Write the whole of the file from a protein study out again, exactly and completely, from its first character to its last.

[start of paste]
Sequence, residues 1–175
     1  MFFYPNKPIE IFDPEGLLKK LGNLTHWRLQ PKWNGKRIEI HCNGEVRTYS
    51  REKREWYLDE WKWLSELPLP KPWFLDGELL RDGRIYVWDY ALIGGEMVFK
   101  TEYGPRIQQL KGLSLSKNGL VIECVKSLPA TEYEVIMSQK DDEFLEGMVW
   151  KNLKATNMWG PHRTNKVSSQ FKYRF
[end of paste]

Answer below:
Sequence, residues 1–175
     1  MFFYPNKPIE IFDPEGLLKK LGNLTHWRLQ PKWNGKRIEI HCNGEVRTYS
    51  REKREWYLDE WKWLSELPLP KPWFLDGELL RDGRIYVWDY ALIGGEMVFK
   101  TEYGPRIQQL KGLSLSKNGL VIECVKSLPA TEYEVIMSQK DDEFLEGMVW
   151  KNLKATNMWG PHRTNKVSSQ FKYRF